The latest weekly Synthetic Systems.
Fed chair Jay Powell lowered the boom on the stock market at Jackson Hole last Friday, slicing 1000 points off the Dow Jones Industrials. I can’t recall a more unambiguously hawkish speech from a Fed chair. Powell not only quoted Volcker three times but echoed Dragi’s “do what it takes…”, for all intents and purposes saying aggressive rate hikes will continue until the markets have been beaten into submission.
This Monday Wall Street is treating it as if it was all just a bad dream. Stocks are down as of this writing, but only modestly so. This will not be sufficient to satisfy the FOMC’s determination to tighten “financial conditions”. Expect more hawkish commentary from Fed officials over the coming days. If that’s still not enough, the FOMC will go nuclear at its next meeting September 21.
Synthetic Systems by the way knows nothing about this. So it’s interesting that it nevertheless has penciled in a dramatic market inflection for that time frame.
5 thoughts on “Weekly Update 20220827”
What a remarkable chart with respect to bonds. It’s even more remarkable given that the Federal Reserve is scheduled to greatly accelerate QT in September and October. So we are about to see an enormous increase in the supply of Treasury bonds.
Same reaction here, kbird. Bear in mind though that the Bonds plot is of theoretical perpetual bonds; actual Treasuries are a little more muted in both directions. The Vanguard extended duration fund EDV comes quite close to the Bonds plot, TLT and VGLT noticeably less so, GOVT less still, sitting roughly midway between Bills and Bonds.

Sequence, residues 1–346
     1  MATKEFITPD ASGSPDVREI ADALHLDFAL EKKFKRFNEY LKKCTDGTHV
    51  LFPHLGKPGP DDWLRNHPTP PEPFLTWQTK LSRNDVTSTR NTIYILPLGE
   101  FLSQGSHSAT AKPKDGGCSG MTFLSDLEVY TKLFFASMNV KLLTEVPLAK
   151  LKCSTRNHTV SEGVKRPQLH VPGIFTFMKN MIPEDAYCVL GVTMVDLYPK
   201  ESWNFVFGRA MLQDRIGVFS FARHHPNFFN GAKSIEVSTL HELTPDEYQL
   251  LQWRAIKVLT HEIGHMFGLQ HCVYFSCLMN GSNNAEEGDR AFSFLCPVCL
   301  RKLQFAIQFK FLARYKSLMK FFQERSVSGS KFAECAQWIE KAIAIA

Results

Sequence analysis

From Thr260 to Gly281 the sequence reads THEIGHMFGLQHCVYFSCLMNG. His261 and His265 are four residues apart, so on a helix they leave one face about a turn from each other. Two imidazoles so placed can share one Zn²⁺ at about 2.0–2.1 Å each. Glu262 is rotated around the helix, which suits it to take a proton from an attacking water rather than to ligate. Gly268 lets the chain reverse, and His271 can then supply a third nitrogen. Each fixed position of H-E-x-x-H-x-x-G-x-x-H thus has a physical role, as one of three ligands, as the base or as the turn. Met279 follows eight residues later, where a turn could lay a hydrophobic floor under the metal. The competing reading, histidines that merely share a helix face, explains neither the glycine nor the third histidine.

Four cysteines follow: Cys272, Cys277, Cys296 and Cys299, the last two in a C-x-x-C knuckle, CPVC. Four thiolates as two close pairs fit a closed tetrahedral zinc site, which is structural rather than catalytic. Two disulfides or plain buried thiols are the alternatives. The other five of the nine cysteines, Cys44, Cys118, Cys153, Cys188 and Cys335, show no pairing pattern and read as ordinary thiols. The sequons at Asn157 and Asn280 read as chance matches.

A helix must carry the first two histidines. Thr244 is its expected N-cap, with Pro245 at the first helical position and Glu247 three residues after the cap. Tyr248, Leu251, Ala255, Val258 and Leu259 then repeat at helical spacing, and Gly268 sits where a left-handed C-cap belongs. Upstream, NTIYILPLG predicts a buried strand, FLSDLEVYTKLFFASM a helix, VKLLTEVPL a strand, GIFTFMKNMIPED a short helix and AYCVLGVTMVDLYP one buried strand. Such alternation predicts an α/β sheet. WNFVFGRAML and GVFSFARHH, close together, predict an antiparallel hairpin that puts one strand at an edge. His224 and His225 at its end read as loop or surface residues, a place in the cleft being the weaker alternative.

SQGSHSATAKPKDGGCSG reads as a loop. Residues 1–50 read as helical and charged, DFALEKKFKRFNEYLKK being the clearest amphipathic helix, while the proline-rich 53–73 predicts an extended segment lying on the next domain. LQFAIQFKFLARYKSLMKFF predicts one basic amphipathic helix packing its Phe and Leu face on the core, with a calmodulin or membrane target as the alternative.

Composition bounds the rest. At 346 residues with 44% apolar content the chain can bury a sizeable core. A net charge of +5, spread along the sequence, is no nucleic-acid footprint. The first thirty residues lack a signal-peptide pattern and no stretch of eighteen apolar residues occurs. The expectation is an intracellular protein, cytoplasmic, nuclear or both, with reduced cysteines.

That bonds could rally significantly at all under QT might seem counterintuitive, not to mention at odds with the Fed’s stated rationale, though it wouldn’t be unrealistic. As long as the Fed isn’t taking over the whole market, non-Fed activity drives bond prices at the margins, and investors zig when the Fed zags, becoming more risk seeking when the Fed is doing QE, with the result that investor money moves from bonds into stocks. Under QT, the opposite can happen … investors become more risk averse, moving money from stocks into bonds, putting upward pressure on bond prices. If you look back over the history of the Fed’s QE-QT, the correlation between Fed buying/selling and bond price increases/decreases isn’t there. Instead it correlates more closely with stock prices. Whether we actually see that this fall of course is still an open question, but it’s happened before and SS apparently thinks it will again.
Investors also front-run the Fed … at least what they think the Fed will do. That they expect the Fed to sell more aggressively in the near future better explains recent market behavior than predicts future behavior. Bear in mind that the Fed’s plans can change … it would hardly be the first time…
thanks, as always, for sharing your work.
This take on the economy is remarkably consistent with the SS outlook.
Another take that lines up: